Beer Institute Examines The Marijuana Industry During Annual Meeting

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North American sales of cannabis are expected to grow to $24 billion by 2021, Jessica Lukas, vice president of consumer insights at BDS Analytics, shared during the final day of the Beer Institute’s annual meeting in Milwaukee, Wisconsin. That figure, she added, doesn’t account for a potential end to the federal ban on marijuana in the United States.

The nascent legal U.S. marijuana market currently processes about $9 billion in sales, Lukas said, noting that it trails the $350 billion beer industry by a wide margin. She added that it’s too soon to predict how the growth in the marijuana industry and legalization of adult recreational use will affect beer sales.

BDS, a Boulder, Colorado-based market research firm that tracks sales in the cannabis industry, has processed and analyzed more than 800 million legal cannabis transactions along with 17,000 consumer survey responses. This data helps explain when, where and at what price point legal cannabis is selling for, Lukas said.

In markets that have legalized cannabis for either recreational or medical use, Lukas said sales are continuing to grow. Adult-use sales have seen compound annual growth rate (CAGR) increase 42 percent in Colorado, 43 percent in Oregon and 49 percent in Washington state since January 2014. Nevertheless, Lukas said medical marijuana sales have declined in states such as Oregon and Colorado as recreational use has become legal.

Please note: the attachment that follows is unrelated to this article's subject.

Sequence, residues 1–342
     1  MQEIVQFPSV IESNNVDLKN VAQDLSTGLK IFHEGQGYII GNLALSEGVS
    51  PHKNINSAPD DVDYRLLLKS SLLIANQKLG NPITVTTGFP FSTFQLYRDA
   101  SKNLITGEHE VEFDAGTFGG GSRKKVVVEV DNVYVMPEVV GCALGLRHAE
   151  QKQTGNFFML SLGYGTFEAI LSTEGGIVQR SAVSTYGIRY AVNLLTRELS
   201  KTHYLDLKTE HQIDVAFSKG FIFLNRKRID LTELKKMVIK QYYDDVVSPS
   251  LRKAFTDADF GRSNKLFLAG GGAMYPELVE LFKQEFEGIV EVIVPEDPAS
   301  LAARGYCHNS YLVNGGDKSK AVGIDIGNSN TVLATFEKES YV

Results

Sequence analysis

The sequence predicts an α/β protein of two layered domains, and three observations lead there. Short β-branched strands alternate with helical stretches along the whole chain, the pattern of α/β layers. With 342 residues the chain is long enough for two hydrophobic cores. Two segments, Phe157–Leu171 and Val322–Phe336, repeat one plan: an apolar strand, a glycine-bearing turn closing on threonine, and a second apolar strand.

In the Colorado market, Lukas said marijuana flower has lost dollar share since the first quarter of 2014, when it accounted for 70 percent of the market. At the end of 2017, marijuana use in flower form accounted for 46 percent of the market. Lukas attributed the decline to “an evolution in the marketplace” as consumers turned to new methods of consumption, such as vaping and edibles.

Lukas added that edibles, concentrates and vape cartridges “tend to be more price protected.”

Still, the majority (72 percent) of cannabis consumers said they prefer inhalables while 23 percent prefer edibles and 5 percent like topicals.

In legal cannabis markets, BDS found that the average consumer is about 40 years old, and skews slightly male. So who are these consumers? BDS found that:

◾ 52 percent work full time

◾ 42 percent live in cities

◾ 31 percent are very social

◾ 49 percent are creative

◾ 58 percent are outdoorsy

◾ 45 percent spend more money for quality

◾ 44 percent like to try new products

◾ 40 percent are more satisfied with life

BDS also found that 75 percent of cannabis users said they consume for recreational or social reasons. Meanwhile, 52 percent said they use cannabis for health or medical reasons. And 42 percent said they use cannabis for relaxation.

“People almost don’t want to tell you that they consume cannabis to get high,” she said. “It’s part of their lifestyle or part of their wellness. It’s kind of the opposite of what you see with alcohol where people don’t want to say they use alcohol to aid in making their life better.”